Landlords could face legal action in near future

Last Friday we wrote a post discussing how under the government’s new Immigration Bill landlords will soon be expected to vet all their potential tenants in order to make sure that they are in the country legally. So far there has been a massive amount of criticism from private landlords over these new plans, especially as so many are concerned that vetting all their new tenants will be expensive, time consuming, and confusing.

Most private landlords already run a background check on new tenants as well as ask for references; however under the new bill this will no longer be enough. In fact, if a private landlord or letting agent fails to vet their tenants properly from now on they could face a fine of thousands of pounds or even legal action. Paul Walshe, head of the online legal service Property Reclaim has even warned that millions of private landlords could be affected, and went on to say: “Many landlords already have stringent checks in place but few will be conducting checks to see if a tenant can legally live in the UK.”

“The rules have yet to be put into law and we don’t know if checks will be retrospective but we do know that it will add to the already heavy administrative and legislative burden that private landlords already face and we advise them to start preparing now. Currently a tenant may be living illegally but paying rent. But if tenants are identified as illegal, landlords should not assume that they will continue to pay rent, safe in the knowledge that they might well be deported.” It has also been noted that when the government introduced similar rules for companies in 2002, the UK Boarder Agency issued seven thousand notifications of liability which led to around £65 million in fines.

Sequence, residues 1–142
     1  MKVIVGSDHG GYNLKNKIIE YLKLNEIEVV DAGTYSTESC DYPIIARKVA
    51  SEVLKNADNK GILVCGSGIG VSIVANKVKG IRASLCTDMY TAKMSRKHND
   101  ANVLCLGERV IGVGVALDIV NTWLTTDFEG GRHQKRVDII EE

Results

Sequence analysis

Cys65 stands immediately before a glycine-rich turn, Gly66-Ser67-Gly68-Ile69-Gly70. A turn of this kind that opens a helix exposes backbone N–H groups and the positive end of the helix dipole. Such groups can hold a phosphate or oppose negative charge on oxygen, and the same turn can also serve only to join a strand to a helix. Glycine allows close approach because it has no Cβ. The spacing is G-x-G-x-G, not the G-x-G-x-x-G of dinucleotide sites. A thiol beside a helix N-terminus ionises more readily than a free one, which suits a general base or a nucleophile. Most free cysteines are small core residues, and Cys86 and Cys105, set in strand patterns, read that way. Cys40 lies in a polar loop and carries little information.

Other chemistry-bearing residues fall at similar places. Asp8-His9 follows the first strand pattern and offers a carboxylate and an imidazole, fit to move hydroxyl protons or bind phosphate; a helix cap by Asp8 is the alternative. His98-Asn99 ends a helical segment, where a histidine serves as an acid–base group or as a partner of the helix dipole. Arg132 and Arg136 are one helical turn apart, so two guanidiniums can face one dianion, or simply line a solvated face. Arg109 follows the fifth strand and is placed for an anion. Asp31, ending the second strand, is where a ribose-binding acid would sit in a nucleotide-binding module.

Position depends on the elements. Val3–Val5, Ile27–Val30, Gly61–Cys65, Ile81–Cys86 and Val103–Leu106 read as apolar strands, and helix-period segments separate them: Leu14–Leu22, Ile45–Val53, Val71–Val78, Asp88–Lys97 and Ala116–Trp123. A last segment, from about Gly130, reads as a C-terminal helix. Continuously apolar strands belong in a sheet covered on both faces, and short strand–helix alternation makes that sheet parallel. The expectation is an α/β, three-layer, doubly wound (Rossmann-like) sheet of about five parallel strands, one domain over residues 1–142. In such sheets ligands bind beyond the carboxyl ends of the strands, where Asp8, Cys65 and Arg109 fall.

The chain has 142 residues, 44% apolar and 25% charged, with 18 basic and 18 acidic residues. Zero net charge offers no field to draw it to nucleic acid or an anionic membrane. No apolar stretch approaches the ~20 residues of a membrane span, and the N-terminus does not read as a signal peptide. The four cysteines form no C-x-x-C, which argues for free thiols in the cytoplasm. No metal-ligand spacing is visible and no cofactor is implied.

Understandably, landlords that rely on their properties as a form of income are extremely concerned over these new rules, and some are even arguing that it is unfair to place the onus on landlords when it comes to finding illegal immigrants in the UK. Landlords who are apprehensive about the new legislation should contact their landlord insurance provider as soon as possible and ask them whether they need to perform extra checks on their current tenants, and how they can protect themselves and their businesses in the future.

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